Shrinking History—Part Two

The Kennedy Neurosis: A Psychological Portrait of an American Dynasty

by Nancy Gager Clinch
Grosset and Dunlap, 433 pp., $10.00

The Mind of Adolf Hitler

by Walter C. Langer
Basic Books, 280 pp., $10.00

In Search of Nixon: A Psychohistorical Inquiry

by Bruce Mazlish
Basic Books, 187 pp., $6.95

The Revolutionary Personality

by E. Victor Wolfenstein
Princeton, 330 pp., $2.95 (paper)

Young Man Luther

by Erik Erikson
Norton, 288 pp., $1.95 (paper)

"Leonardo and Freud: An Art-Historical Study" Essays edited by P. Kristeller and P. Wiener [Harper & Row] and in Ideas in Cultural Perspective edited by P. Wiener and A. Noland [Rutgers])

by Meyer Schapiro
Journal of the History of Ideas (reprinted in Renaissance

Adolf Hitler
Adolf Hitler; drawing by David Levine

Psychoanalysis and its various “applications” have been embraced all too ardently by the American public—and not only by its so-called “lay” segment. Sometimes that enthusiasm was for the bad: it is astonishing, for example, how many writers submitted willingly to the brutal, stupid lashings an analyst like Edmund Bergler gave them in his books supposedly meant to “explain” writers and their “personality structure.” But sometimes much of value came of this enthusiasm: it is remarkable how openly and generously many important American medical schools welcomed analysts during the 1930s and 1940s, often to good effect so far as the education of young doctors goes. In any event, to this day a historian or political scientist, not to mention a psychoanalyst, who writes a biography or discusses some contemporary issue, or one connected with the remote past, from a psychological point of view stands at the very least an excellent chance of getting the public’s attention.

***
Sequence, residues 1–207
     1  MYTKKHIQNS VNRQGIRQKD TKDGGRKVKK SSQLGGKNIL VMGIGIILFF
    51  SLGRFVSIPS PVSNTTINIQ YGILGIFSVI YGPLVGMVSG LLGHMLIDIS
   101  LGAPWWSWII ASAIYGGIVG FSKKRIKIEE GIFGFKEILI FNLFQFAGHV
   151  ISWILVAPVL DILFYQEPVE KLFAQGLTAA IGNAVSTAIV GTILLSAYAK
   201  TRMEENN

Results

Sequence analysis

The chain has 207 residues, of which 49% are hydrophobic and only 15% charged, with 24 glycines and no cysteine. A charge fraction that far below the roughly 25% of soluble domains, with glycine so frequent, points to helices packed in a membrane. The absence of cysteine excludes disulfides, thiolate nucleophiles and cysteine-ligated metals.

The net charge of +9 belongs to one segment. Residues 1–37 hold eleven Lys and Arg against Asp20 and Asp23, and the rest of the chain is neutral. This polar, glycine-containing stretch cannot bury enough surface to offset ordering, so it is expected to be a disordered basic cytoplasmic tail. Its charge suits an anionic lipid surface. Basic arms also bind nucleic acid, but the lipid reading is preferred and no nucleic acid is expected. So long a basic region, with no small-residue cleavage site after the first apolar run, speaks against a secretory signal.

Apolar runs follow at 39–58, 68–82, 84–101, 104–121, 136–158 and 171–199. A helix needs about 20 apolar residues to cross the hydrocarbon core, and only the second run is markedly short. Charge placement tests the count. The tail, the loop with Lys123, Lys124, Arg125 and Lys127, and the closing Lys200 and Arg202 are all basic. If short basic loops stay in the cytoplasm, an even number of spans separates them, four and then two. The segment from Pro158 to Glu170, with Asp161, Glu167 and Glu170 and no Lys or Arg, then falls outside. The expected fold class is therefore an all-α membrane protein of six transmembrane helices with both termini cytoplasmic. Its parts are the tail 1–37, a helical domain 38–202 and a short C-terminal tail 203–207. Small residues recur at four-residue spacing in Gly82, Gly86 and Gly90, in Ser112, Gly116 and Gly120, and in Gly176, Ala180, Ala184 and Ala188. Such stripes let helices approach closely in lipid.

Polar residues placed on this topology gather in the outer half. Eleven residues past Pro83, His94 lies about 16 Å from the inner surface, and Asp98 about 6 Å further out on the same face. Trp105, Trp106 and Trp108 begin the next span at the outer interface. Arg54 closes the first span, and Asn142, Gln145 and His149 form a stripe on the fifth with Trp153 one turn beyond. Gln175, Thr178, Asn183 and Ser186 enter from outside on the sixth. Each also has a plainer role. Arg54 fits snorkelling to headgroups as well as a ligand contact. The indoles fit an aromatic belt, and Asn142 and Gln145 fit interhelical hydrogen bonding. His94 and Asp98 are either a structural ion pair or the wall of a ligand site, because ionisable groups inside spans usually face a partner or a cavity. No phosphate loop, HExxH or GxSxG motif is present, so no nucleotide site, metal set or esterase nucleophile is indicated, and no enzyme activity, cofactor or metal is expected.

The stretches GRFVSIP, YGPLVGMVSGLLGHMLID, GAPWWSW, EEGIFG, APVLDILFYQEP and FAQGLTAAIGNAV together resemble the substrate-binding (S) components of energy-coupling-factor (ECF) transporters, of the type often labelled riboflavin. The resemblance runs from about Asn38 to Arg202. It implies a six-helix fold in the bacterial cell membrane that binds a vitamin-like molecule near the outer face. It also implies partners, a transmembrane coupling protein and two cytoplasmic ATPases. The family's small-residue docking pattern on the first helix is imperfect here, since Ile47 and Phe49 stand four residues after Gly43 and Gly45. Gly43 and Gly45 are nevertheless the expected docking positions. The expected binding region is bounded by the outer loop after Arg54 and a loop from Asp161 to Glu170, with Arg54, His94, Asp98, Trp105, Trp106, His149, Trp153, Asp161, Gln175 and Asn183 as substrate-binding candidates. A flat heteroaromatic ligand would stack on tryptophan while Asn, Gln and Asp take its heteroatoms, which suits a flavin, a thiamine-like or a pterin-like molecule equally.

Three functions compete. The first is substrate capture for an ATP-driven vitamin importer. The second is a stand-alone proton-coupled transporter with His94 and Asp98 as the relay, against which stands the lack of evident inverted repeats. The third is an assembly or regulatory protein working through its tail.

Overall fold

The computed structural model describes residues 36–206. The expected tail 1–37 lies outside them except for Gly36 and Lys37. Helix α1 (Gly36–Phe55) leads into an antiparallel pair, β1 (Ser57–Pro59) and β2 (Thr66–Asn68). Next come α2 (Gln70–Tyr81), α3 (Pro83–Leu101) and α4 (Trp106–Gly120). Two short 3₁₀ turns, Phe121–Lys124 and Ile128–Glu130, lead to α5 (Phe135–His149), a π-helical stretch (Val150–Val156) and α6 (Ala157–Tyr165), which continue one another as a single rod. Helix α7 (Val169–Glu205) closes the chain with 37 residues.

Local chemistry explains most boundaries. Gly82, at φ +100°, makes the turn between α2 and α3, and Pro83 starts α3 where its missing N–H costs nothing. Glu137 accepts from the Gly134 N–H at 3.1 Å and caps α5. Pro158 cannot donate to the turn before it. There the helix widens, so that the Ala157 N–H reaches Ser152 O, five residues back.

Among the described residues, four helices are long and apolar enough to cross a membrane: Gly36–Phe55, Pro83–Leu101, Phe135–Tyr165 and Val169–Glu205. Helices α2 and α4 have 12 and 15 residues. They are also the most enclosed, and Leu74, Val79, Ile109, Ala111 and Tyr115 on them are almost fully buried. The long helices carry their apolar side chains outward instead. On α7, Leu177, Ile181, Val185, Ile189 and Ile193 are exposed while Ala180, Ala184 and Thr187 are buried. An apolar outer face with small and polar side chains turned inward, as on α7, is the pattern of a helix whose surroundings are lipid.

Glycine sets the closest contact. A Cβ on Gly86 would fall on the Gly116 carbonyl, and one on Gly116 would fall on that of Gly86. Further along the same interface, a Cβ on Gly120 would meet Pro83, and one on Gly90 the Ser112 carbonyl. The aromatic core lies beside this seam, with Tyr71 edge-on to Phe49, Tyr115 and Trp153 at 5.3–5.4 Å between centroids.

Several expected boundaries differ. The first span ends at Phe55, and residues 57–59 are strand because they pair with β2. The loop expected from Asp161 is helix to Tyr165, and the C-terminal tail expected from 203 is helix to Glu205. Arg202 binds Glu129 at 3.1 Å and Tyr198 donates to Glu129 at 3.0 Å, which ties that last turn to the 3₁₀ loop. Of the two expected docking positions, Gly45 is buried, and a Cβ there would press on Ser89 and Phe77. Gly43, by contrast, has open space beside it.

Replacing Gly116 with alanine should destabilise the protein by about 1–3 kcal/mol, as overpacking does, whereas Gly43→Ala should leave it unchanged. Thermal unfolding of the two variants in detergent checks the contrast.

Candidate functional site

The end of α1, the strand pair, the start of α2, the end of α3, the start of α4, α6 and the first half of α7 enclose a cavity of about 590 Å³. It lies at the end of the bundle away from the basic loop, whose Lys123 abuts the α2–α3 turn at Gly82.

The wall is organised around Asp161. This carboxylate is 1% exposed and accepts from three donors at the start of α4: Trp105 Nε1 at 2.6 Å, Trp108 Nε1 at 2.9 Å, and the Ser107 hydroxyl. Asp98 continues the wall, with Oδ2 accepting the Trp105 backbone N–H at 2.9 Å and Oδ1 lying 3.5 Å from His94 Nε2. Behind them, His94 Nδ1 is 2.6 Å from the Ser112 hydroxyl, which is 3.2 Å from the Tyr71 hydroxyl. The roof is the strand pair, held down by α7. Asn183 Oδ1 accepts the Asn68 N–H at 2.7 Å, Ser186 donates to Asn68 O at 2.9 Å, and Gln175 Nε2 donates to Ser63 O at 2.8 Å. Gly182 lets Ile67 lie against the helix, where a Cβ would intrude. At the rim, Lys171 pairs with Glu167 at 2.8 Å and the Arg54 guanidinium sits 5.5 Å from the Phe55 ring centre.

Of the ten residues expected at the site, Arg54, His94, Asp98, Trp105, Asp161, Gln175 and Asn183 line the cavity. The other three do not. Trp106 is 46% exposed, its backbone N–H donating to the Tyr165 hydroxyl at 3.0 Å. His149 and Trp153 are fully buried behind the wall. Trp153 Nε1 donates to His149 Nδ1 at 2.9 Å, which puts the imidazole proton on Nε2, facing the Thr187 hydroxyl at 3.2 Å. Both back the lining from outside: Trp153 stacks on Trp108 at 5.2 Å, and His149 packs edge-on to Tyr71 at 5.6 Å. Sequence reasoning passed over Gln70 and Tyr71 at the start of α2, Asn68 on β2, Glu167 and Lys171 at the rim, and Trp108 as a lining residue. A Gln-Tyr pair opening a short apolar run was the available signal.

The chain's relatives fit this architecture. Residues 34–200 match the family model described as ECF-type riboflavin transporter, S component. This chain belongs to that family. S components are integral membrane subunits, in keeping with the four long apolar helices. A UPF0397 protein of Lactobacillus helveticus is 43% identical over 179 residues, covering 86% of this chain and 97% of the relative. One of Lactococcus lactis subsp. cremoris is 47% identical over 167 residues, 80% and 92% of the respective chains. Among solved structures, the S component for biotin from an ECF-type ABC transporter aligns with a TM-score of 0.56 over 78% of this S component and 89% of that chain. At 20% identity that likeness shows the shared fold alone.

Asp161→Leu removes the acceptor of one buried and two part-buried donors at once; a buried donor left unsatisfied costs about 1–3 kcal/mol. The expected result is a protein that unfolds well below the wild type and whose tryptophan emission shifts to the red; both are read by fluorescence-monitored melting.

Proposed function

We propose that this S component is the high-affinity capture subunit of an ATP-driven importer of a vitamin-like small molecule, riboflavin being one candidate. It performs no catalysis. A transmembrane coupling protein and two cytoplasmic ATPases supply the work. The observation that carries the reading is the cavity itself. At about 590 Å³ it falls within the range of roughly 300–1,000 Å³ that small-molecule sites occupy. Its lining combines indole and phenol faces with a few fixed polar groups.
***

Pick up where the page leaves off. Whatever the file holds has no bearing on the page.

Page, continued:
Walter Langer’s “secret wartime report,” now become The Mind of Adolf Hitler, has hardly been ignored. In view of the substantial scholarship on the Nazis that has gone relatively unnoticed—the work of historians, economists, political scientists—one has to look not only at the book itself but at the reasons for its appeal. Nor has Bruce Mazlish’s “psychohistorical inquiry” into Richard Nixon’s life been ignored—any more than will the portentously named The Kennedy Neurosis: A Psychological Portrait of an American Dynasty. Each of them is yet another variant of the kind of inquiry Freud began long ago: harnessing psychology to an understanding of certain people who have taken a significant part in history.

To start with the worst, the book on the Kennedy family is, alas, an exercise in nastiness, and an instructive lesson in how psychological words and phrases, presented as a means of scientific exposition, can become in certain hands instruments of moral condemnation, and even malicious abuse. The author of The Kennedy Neurosis, Nancy Clinch, refers to her “study of the Kennedys’ characterology” as a “form of psychohistory”; it is even “psychohumanism.” People have what she calls “self-actualizing needs.” There are “parental patterns” and a “specific cultural milieu,” and they, of course, affect a “hierarchy of needs.” When things go wrong a neurosis develops: “a self-defeating defense pattern of feeling and behaving.” Something called a “pseudo-self” comes into being. There is “basic anxiety” and it keeps generating “unconscious hostility.” After we learn about all that, we are told where we are going:

It is my purpose to analyze what the historical record seems to reveal: that the Kennedy drive to power was largely neurotic in origin and thus largely neurotic in goal; and that when power was obtained, the Kennedys were severely limited in the use of their authority for positive aims because of emotional conflicts and ambivalences.

Note the word “because”: assertive, unthreatened by any modifiers, anxious to make its connection.…

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